The temperature has dropped overnight, some 25 plus degrees. The wind is blowing and the leaves are dancing. It’s as if this is the final moment that ends one season and begins another. It’s as if we are encountering death in nature. As I reflected on that concept of the death of a season I reflected on a funeral visitation that I attended in Kansas City, Missouri last week. The visitation was for a co-worker of my wife’s, a man I had met a few times. He was an educator turned handy man because of a bump in the road in his life. The visitation was at St. Anthony Catholic Church on Benton Boulevard. St. Anthony’s is in what once was an old Italian-American neighborhood. The streets are lined with oak trees and majestic brick homes. Beautiful homes lovingly built and to the credit of several generations of residences beautifully maintained.
It is no longer a strictly Italian neighborhood. There are a few old Irish families that once lived in creative tension with Italian neighborhoods, but by and large the neighborhood is now Hispanic.
The visitation was crowded. The man who died was Irish, but he was from the old neighborhood. Mourners came along crowded streets, in long lines, and the sanctuary was filled with crying babies, crying adults, and the old with walkers and canes. They were encountering the death of a neighbor.
What struck me most about the crowd was not the size, or the intergenerational nature of those gathered, what struck me was its diversity. When he was a teacher and administrator the neighbor who had died impacted a lot of kids. They were all there to encounter death in their own way. I watched as one young man, perhaps in his late twenties or early thirties, stand with his back up against the wall of the church proper, silently staring with tears rolling down his cheeks.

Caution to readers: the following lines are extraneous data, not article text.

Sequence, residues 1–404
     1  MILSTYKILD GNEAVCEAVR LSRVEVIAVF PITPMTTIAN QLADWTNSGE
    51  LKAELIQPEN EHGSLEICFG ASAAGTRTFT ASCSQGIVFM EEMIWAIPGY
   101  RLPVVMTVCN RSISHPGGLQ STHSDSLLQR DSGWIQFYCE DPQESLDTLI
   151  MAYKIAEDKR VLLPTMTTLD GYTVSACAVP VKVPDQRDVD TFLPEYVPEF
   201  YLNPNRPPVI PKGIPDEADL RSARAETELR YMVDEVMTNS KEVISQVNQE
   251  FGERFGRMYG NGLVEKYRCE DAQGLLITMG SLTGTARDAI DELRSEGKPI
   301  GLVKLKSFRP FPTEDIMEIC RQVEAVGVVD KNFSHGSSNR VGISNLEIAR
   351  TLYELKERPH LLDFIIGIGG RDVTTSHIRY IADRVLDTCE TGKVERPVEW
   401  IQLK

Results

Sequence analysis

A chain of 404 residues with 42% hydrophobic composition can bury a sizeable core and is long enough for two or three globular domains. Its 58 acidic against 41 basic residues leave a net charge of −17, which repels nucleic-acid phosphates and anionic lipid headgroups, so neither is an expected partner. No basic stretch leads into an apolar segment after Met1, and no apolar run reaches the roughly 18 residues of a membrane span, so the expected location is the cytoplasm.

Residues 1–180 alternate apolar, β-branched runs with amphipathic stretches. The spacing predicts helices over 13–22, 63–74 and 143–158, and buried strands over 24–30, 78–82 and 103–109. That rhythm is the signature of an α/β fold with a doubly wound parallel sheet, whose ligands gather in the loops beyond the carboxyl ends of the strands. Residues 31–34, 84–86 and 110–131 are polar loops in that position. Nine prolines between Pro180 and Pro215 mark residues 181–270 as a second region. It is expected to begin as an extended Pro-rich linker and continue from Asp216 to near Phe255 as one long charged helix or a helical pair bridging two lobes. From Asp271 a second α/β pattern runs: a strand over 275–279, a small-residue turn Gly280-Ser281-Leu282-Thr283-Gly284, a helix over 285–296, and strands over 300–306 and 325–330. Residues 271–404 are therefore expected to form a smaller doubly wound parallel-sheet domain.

I was sort of pushed aside as an African-American man and a Hispanic man and maybe an Italian man hugged each other and uttered remembrances of the man who had so impacted their lives.
The faces of those in the church sort of merged like a rapid-moving video and I saw all of these people encountering death. It was an encounter in a neighborhood that had, in the last 100 years, gone through its own series of deaths and resurrections, its own wave upon wave of new immigrants, changing the face of the neighborhood even as it remained the same.
I stood still and wondered, as more and more people poured into the church, how important it is for all of us to encounter death so that we might touch life with a greater passion. Perhaps the change of seasons helps us remember that as one season dies and moves to the next, so do we all. The season’s change helps us encounter death.
Write a story about an encounter with death. Think about what it means to have generations pass away. Think about what it means to say goodbye, perhaps to one generation even as we welcome the next. Write a story about your life as you encounter death.